My goal in Community Rights organizing is to get people to understand that they have to take responsibility for their children’s future and the survivability of thousands of at-risk species by coming up with solutions, collectively as a community, with some basic shared values. Now, I have to admit that if we look at the problems on a national or global scale they can seem overwhelming, almost to the point of paralyzing people into inaction. It becomes an excuse—the problem is too big for me to make a difference so I won’t do anything. Of course, many of these same people will post quotes on their social media feeds like “we are the ones we have been waiting for” or “never doubt what a small group of people can do to change the world.” But they’d rather believe in false solutions, like buying an electric car, than even imagine we might actually have to abandon the luxury of a car in every garage, whether it runs on fossil fuels ripped out of Earth’s crust or lithium batteries ripped out of Earth’s crust and charged by solar and wind “farms” that require fossil fuels and many other resources from nature.

The necessary changes to this system of corporate-controlled, monopolistic extractive industries and the mechanisms of government that give it control over our lives at every turn are at the core of the Community Rights Movement. The closer to the people the decisions are made, the better it is for both people and nature. Instead of only seeing energy production as a commodity on a centralized grid to be bought and sold by the highest bidders, communities need to take charge of energy production for their local community’s use. Without the option of destroying someone else’s community to fulfill their needs, people will become very creative. It’s not that we don’t have solutions or ideas on how to live differently; it’s that the system is so good at keeping us from developing and implementing them. This open-ended ability to plunder the Earth feeds the illusion of endless resources.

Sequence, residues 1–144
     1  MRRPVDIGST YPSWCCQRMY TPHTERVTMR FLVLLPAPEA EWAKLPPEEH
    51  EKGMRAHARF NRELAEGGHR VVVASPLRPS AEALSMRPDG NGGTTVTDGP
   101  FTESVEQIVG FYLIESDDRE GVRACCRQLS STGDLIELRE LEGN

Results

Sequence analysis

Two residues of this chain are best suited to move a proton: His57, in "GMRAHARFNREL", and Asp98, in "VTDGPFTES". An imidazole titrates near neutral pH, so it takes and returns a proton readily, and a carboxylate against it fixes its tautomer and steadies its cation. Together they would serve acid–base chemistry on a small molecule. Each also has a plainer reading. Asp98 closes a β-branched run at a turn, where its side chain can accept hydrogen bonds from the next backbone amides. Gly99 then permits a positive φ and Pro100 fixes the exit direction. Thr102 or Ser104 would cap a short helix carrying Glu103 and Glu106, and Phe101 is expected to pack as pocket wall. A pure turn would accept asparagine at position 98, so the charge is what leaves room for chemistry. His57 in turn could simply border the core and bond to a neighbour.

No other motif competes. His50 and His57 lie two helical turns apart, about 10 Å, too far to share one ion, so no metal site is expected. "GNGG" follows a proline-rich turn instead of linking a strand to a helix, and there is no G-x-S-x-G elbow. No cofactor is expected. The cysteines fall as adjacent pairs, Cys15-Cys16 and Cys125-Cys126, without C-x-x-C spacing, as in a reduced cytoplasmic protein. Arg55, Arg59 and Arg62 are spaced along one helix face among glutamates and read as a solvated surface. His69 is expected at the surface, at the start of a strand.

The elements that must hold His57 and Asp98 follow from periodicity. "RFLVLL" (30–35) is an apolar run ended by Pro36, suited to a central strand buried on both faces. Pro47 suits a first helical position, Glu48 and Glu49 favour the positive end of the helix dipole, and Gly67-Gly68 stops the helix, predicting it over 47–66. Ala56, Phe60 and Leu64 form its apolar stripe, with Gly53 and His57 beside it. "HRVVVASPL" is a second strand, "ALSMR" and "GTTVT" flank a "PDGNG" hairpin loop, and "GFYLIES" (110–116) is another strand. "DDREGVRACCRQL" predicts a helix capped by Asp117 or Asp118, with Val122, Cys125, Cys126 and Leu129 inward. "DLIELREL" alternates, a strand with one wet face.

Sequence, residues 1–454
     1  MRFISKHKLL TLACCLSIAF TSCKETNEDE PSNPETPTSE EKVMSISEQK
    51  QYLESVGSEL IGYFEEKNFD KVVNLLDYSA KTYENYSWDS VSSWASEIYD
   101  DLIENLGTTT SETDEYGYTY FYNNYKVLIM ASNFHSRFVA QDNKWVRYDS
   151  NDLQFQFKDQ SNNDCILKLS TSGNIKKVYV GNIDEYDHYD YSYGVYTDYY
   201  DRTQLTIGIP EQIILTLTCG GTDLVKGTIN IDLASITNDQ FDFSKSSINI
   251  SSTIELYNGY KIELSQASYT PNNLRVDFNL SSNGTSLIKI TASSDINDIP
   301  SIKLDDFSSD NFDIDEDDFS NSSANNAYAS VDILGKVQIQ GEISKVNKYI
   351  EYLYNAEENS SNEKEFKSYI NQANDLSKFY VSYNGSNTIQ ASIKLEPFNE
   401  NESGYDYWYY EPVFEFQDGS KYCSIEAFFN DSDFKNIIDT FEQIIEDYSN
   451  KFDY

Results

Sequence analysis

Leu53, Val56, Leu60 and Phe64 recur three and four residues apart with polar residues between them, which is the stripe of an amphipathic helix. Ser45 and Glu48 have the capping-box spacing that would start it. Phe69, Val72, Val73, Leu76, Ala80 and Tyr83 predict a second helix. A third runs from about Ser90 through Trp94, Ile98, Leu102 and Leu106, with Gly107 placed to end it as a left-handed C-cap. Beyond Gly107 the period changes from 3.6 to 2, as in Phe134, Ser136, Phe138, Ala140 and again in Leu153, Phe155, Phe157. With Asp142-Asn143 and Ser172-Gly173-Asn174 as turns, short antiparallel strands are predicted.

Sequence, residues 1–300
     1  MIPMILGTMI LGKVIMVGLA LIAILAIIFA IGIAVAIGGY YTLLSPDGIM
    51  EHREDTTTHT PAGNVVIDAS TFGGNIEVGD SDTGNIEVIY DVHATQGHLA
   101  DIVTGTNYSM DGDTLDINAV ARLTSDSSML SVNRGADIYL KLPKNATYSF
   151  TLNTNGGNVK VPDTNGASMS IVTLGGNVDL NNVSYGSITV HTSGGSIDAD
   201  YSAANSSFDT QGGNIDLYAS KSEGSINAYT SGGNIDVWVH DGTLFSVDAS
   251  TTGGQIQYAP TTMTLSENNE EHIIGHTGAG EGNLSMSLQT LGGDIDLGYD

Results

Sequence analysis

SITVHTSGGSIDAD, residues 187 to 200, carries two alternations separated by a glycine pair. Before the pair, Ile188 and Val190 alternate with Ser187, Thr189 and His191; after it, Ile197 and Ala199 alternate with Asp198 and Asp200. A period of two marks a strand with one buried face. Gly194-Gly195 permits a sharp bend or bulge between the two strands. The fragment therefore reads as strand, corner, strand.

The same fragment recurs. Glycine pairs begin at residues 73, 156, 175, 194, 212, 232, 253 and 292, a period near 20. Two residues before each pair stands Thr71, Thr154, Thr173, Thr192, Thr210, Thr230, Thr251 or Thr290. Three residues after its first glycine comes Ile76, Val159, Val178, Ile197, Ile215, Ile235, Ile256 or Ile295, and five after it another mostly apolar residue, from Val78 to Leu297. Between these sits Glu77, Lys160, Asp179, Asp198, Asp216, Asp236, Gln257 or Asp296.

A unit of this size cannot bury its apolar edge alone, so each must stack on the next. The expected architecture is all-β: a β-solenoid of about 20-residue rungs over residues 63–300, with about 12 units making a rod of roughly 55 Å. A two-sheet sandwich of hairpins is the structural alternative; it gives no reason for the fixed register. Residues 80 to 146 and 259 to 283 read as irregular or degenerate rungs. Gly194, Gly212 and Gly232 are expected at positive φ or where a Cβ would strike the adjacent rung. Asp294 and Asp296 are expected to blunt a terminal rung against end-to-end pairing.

When I speak with people about imminent harm facing their community, I ask them what they think would solve the problem. They always have lots of ideas, but almost immediately they stop themselves by saying “oh we can’t do that; the state won’t let us; the law won’t let us.” They self-censor creative solutions and the profiteers leeching off the current system couldn’t be happier about that.

Throughout the film, Gibbs offers solutions or at least several times hints at what we must do (quotes from the film):

  • “Is it even possible for industrial civilization to save us from industrial civilization?” 
  • “Technology fixes lead us to more technology problems” 
  • “We are taking desperate measures not to save the planet, but to save our way of life.” 
  • “We have a culturally destructive belief system…humans don’t like to be called animals and we have an anxiety over death, we search for immortality….we make tragic decisions based on these beliefs” 
  • “Capitalism is about more—more consumption, more profits, more growth” (Green investments are simply betting on more consumption and growth of a different industry’s profits), “Less must be the new normal” 
  • “It’s not a carbon dioxide molecule destroying the planet but us-We have to get ourselves under control”. 
Photo by Tish O’Dell

The reason we can’t hear these as clues to solutions is that it goes against everything we have been taught. But our culture and way of life have to be on the table if we hope to make any change of significance. Indigenous peoples and the land they live on have been sacrificed for capitalism and colonialism for hundreds of years. Perhaps the dominant culture has been so hell-bent on destroying traditional, indigenous cultures because they are a reminder that many humans have lived sustainably for thousands of years before this one came along.